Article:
merger, mortgage

The Federal Trade Commission (FTC) has given the green light to the $11.7 billion merger deal between Intercontinental Exchange Inc. (ICE) and Black Knight, marking a significant development after months of antitrust concerns and legal disputes. This settlement paves the way for the merger to proceed, while also raising questions about potential impacts on competition and affordability in the mortgage industry.

Antitrust Concerns Settled: Merger Set to Proceed

Late on Friday, Intercontinental Exchange Inc. (ICE) and Black Knight announced a resolution with the Federal Trade Commission (FTC) regarding their proposed merger. The agreement follows a lawsuit filed by the FTC, which expressed antitrust concerns over ICE’s acquisition of Black Knight. This legal hurdle had previously put the merger on hold.

As part of the settlement, ICE is expected to finalize the acquisition of Black Knight on September 5. Additionally, the companies have committed to completing the divestiture of Black Knight’s loan origination system (LOS) Empower business and its product and pricing engine unit, Optimal Blue. These assets are to be sold to a subsidiary of Constellation Software Inc. within 20 days after the acquisition is complete.

Stockholder Decision Deadline and Background

With a deadline of September 1, Black Knight stockholders will need to choose between receiving cash or ICE stock in exchange for their shares, a pivotal decision in the context of this merger agreement.

The merger announcement was initially made by ICE in May 2022, but the process has faced regulatory scrutiny due to concerns raised by the FTC regarding potential anti-competitive practices. This merger is notable as both ICE and Black Knight are major players in the mortgage industry, commanding the two largest loan origination systems.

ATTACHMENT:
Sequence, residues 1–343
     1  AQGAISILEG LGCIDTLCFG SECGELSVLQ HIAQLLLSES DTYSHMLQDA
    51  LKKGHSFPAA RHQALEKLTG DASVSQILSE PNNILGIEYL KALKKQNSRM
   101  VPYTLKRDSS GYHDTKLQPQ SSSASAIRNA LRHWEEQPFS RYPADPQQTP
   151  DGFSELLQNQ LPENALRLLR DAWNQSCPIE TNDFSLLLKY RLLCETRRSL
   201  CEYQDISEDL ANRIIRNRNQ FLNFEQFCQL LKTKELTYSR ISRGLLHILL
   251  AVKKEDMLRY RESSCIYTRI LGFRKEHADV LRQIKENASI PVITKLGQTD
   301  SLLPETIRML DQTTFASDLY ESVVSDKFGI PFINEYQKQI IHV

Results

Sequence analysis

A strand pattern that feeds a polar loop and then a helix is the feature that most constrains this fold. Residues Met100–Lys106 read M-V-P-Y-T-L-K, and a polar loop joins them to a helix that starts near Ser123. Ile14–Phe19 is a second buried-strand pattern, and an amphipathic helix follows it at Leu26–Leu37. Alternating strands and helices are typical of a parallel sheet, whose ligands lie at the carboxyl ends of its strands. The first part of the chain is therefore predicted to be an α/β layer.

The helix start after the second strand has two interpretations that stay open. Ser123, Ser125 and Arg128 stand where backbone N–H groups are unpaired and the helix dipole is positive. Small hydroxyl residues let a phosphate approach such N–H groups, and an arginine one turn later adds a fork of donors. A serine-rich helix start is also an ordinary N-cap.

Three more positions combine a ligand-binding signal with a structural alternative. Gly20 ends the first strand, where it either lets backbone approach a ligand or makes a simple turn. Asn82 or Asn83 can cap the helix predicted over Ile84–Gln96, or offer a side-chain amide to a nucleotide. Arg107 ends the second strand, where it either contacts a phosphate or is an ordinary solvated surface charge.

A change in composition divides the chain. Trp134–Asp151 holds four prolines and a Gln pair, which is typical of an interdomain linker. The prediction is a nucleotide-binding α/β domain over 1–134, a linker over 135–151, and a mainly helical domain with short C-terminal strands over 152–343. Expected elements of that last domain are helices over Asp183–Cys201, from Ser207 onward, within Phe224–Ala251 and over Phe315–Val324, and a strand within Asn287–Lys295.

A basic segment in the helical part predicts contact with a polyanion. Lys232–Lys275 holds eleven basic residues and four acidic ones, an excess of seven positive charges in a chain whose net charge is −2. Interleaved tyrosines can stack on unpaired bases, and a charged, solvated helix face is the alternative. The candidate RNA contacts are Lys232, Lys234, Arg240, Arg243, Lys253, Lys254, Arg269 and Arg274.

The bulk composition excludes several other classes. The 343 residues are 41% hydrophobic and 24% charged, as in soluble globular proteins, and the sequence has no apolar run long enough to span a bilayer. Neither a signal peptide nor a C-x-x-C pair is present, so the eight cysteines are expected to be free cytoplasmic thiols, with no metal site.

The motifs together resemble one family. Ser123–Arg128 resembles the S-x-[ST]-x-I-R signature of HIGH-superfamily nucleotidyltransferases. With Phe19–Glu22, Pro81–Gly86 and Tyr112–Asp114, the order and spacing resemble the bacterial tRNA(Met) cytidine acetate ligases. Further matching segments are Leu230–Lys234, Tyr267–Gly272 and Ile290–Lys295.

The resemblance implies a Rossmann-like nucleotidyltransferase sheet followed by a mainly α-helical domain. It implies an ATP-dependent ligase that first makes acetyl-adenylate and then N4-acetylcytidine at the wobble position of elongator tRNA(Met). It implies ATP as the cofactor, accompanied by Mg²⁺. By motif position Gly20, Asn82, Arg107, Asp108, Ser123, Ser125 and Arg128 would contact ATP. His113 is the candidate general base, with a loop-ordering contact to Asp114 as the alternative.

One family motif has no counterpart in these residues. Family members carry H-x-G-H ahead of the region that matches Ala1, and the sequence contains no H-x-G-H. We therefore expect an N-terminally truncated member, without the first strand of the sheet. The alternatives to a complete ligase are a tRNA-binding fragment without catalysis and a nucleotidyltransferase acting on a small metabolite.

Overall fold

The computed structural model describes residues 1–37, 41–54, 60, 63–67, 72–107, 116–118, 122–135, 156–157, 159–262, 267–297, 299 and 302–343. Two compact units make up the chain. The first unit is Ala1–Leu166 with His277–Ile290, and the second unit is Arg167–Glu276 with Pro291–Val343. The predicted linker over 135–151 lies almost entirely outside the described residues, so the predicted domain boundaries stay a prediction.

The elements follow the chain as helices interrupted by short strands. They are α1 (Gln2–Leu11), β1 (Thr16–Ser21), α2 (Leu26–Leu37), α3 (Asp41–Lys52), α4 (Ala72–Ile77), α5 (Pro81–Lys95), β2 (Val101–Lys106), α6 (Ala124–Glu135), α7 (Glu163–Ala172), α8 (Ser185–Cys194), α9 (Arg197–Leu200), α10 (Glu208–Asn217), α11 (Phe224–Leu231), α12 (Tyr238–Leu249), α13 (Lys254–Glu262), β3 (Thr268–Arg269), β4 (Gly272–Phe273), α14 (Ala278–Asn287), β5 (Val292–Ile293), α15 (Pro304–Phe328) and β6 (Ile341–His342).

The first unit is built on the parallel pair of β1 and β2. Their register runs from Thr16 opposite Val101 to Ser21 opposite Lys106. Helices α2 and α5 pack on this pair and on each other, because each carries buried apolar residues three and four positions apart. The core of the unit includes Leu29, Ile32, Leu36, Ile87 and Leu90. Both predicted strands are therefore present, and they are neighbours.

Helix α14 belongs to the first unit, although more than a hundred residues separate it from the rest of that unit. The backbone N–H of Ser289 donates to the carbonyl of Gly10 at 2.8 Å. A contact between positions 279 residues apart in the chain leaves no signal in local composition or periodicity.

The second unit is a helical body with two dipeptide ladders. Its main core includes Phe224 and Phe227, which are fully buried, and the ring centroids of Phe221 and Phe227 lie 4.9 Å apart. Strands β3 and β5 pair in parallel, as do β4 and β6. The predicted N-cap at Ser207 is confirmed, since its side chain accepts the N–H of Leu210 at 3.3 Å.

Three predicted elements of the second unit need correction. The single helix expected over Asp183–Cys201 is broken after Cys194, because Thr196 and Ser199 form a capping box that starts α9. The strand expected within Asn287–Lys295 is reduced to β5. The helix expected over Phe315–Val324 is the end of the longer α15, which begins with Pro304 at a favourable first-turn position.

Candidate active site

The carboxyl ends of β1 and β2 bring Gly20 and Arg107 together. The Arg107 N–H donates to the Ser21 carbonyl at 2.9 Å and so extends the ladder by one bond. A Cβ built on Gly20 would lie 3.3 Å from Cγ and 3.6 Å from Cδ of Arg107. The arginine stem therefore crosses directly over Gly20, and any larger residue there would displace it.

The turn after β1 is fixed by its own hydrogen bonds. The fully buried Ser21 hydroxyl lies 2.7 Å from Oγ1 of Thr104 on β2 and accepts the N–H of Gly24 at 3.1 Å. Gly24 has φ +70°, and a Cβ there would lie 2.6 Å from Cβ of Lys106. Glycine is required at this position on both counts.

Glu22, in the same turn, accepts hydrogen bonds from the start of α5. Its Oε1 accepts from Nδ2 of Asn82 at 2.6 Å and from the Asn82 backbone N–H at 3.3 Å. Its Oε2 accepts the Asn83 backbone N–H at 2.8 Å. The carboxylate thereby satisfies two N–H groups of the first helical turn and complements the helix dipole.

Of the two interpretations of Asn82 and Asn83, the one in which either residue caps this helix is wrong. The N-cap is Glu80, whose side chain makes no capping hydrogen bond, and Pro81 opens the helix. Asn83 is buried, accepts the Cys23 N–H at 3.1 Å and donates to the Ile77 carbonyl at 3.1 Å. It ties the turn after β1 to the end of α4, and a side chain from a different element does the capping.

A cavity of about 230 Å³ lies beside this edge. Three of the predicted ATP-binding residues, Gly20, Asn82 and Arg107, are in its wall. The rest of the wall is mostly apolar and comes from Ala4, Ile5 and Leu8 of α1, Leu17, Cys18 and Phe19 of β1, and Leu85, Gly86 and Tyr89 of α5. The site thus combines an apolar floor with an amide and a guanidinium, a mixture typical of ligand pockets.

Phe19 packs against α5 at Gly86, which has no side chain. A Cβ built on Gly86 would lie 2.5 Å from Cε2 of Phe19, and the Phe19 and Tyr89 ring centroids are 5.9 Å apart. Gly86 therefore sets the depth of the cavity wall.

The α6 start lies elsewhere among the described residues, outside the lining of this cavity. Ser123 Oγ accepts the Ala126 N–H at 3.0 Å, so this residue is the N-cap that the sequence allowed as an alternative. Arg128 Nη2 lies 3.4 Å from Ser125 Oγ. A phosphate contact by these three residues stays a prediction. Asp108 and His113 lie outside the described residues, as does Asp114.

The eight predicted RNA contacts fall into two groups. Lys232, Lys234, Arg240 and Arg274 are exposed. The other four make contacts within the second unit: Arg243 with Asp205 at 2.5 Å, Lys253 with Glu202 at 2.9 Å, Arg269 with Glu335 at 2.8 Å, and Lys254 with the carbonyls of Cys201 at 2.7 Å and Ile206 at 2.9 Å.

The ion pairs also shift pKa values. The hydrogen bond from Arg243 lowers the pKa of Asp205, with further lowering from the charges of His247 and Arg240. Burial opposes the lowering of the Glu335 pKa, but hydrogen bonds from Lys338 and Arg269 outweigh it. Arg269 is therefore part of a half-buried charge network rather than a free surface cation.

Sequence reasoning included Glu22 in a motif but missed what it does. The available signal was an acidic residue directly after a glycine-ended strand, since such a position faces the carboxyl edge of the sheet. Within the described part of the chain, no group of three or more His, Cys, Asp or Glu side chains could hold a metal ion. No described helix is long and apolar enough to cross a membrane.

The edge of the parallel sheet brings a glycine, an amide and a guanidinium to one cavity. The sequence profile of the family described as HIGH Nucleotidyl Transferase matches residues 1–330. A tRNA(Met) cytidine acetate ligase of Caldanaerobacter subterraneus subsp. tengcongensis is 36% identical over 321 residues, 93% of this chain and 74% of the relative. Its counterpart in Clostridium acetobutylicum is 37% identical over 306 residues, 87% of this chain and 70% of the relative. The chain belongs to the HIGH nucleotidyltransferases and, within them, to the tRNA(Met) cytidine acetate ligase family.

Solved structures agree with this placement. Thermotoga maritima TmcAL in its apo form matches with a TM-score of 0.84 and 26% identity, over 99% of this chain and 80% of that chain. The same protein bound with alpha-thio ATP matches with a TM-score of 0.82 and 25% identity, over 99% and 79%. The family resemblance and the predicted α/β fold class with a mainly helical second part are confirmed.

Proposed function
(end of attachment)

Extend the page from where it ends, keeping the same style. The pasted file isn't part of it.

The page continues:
The FTC’s lawsuit alleged that this consolidation of power could lead to increased costs for lenders, which could then be transferred to homebuyers. The deal also raised concerns about reduced competition for product, pricing, and eligibility engines (PPEs), along with other related services that complement LOS functionality.

The Path to Resolution and Lingering Concerns

ICE and Black Knight’s decision to divest Black Knight’s Empower business and Optimal Blue was seen as a strategic move to address the antitrust concerns voiced by the FTC. This step signaled a potential willingness to cooperate to clear the regulatory path for the merger.

However, even with this settlement, lingering concerns about the merger’s impact on competition persist. Representative Maxine Waters, a ranking member of the House Committee on Financial Services, has expressed apprehensions. She pointed out that the merger could potentially affect mortgage loan pricing and mortgage servicing rights. Waters urged the FTC to ensure that adequate safeguards are in place to prevent additional pricing pressures, particularly in a housing market that is already grappling with consolidation and affordability challenges.

ICE’s Expanding Influence

In recent years, Intercontinental Exchange Inc. (ICE) has undertaken various strategic moves to diversify its business beyond its core exchange operations. Notably, this planned acquisition of Black Knight marks ICE’s second major mortgage technology deal. In 2020, ICE acquired Ellie Mae from Thoma Bravo for a staggering $11 billion, further solidifying its presence in the mortgage technology landscape.

While the FTC’s settlement allows the merger to move forward, the concerns and debates around competition and affordability in the mortgage market continue to echo. As the mortgage industry evolves, the impacts of these types of large-scale mergers on consumers, lenders, and the broader market will be closely observed and analyzed.

merger, mortgage